Saturday, June 20, 2015

Cancer season

I'm fascinated by Astrology. The rational side of my brain knows there probably isn't a ton of science behind it. The rest of me finds it to be a pretty accurate way to measure and predict moods and communication, and sometimes even events.

I came across this post about what it's like to love a Cancer (someone born between June 21 - July 22. My birthday is about three weeks into the Cancer month. I find I am (mostly) a typical Cancer (that whole "loves to cook" thing sorta passed me by - but I do love to eat, so there's that).

"Cancers continually find themselves in situations where they have to 'let go' but they have a hard time doing so.... They hold on through thick and thin but have a hard time recognizing when it’s time to finally cut the cord."

This is definitely a problem for me. I am notoriously bad at knowing when to say goodbye. I always want to give people just one more chance. Part of it is because I'm so afraid I'll walk away just when they are about to make whatever change I've been waiting for. I find myself not saying goodbye because I'm afraid my lack of patience will cause me to miss out on something great.

Recently, I have learned that while patience is a mature, positive virtue - sometimes, when your gut says it's time to say goodbye, ya just gotta listen. I've also learned that if you really don't want to listen to your gut, you should have one or two friends to whom you will listen. This is super-important.

"If we ever mistakenly forgot their birthday, [a Cancer will] remember the exact year and all the details surrounding precisely why [we forgot]. They will forgive but never forget... If there’s some debate on what to get them, I’d suggest a simple token of appreciation for all they do. That’s all these old souls really want."

It's also important to have friends who remember our birthday. It annoys us when they forget. (Also, my favorite color is purple, my shoe size is 6, and I've never met a sparkle I didn't like. Remember, I'm mostly a typical Cancer. This old soul likes cute stuff.)

"Sometimes it’s hard for the rest of us to let go of them too since we tend to feel so at home when they are with us."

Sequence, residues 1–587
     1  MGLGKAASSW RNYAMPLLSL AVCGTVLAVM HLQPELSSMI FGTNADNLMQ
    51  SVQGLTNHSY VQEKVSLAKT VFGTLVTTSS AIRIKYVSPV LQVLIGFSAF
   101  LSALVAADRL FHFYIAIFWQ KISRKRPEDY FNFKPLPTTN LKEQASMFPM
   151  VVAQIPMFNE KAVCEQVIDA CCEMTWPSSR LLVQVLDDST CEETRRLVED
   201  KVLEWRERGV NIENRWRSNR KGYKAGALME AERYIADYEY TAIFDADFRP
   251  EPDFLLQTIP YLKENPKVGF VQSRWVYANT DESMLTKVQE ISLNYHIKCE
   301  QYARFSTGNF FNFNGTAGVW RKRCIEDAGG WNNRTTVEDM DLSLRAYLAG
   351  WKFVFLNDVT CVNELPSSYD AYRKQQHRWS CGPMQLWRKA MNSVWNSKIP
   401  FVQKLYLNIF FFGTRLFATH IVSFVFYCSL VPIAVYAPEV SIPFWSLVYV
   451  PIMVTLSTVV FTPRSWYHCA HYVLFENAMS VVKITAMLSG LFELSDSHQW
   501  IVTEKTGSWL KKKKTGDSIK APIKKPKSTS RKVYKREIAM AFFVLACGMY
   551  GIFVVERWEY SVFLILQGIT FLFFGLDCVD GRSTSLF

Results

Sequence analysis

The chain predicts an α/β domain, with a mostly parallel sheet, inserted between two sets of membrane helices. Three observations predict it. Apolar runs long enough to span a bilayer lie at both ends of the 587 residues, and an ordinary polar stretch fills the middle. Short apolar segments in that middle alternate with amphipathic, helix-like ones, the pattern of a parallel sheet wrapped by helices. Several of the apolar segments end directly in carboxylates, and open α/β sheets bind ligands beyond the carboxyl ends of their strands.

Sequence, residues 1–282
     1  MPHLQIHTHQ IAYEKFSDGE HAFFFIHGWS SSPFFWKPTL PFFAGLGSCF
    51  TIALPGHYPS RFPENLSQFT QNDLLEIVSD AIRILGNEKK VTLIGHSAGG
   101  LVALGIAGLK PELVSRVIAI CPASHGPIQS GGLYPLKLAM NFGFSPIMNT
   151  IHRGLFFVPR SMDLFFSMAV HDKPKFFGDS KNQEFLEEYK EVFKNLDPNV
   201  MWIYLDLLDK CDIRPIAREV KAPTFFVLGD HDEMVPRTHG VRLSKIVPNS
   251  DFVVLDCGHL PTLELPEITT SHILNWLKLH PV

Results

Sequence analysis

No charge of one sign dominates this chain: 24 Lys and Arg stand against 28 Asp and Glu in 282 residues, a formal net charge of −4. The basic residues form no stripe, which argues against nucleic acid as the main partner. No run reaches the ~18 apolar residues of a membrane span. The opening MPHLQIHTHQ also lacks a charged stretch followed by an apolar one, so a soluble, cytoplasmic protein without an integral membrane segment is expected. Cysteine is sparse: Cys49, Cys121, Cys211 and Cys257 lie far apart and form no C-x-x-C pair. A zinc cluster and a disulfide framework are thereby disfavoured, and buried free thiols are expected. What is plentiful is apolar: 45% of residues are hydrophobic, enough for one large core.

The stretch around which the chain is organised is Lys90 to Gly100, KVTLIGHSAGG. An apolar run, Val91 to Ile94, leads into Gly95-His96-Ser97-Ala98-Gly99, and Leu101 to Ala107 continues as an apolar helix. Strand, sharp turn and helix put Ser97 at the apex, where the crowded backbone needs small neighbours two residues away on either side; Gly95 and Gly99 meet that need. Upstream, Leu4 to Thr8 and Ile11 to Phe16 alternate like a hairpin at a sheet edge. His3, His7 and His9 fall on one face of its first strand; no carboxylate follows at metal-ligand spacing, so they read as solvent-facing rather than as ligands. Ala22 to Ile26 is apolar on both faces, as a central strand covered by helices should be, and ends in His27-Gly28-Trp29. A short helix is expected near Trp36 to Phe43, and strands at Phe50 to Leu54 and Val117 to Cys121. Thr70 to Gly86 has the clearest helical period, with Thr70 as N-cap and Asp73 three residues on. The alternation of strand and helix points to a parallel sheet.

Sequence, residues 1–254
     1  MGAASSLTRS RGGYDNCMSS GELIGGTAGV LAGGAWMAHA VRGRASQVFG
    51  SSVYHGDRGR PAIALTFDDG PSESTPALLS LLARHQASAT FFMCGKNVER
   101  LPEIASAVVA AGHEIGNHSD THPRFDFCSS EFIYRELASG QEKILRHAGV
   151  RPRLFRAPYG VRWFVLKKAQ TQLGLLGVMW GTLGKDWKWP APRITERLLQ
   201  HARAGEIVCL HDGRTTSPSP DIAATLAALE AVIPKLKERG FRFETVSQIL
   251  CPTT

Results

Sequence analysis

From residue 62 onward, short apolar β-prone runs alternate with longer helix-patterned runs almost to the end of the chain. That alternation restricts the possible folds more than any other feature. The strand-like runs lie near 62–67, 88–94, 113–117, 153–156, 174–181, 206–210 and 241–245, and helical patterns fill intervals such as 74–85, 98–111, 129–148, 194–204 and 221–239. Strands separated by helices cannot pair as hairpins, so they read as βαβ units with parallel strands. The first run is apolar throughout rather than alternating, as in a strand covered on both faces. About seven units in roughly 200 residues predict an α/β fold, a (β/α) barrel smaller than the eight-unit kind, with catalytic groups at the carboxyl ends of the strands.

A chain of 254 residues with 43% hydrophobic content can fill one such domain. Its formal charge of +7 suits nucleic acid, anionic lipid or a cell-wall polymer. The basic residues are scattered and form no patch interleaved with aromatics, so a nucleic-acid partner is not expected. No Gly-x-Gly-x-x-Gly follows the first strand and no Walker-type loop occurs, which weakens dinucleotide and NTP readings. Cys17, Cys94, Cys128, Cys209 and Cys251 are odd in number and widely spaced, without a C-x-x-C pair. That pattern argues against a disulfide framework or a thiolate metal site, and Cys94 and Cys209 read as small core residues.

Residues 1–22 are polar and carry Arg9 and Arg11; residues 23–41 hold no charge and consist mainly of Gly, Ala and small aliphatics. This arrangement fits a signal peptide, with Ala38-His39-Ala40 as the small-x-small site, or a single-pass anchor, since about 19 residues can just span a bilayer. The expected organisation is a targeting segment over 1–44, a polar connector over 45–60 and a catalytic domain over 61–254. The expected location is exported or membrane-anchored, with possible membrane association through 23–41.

This has historically been a huge problem for me. People get comfortable and they stick around long after they know they should say goodbye. If I'm distracted, I might just think they are still around because it's what they want. I'm getting better at recognizing the signs of someone who wants to leave - and also at being the one to say goodbye.

Guess I'm a little more adaptable than the typical Cancer, too.

Friday, April 24, 2015

No argument here

Recently I've been in a couple of conflicts, with two unrelated people. In both cases, I came into the situation with a completely different perspective and recollection of what had happened to get us to the point of conflict.

Both were convinced I was in the wrong.  My views were "skewed." I was laying blame. I was being selfish, doing things only to make myself look good to others.

I disagreed with both. While I absolutely know I can be selfish, I truly didn't think I was in either case. While I do an awful lot to make myself look better, this comment had more to do with actions than a Sephora purchase. As for my views... I could have listed example after example in support.

My first inclination was to do just that. I wanted to rise to the argument, and defend my feelings, perspective, and actions. But I didn't.

Sue from a few years ago may have. She may have found herself in an all-out shouting match, making sure everyone understood exactly why she was right.

Present-day Sue just can't. I let that instinct settle, and then pass. Not just because I wanted to avoid the conflict, and not at all because I didn't want to stand up for myself. Definitely not because I thought I was wrong - it all came down to feelings, and I'm as entitled to mine as anyone.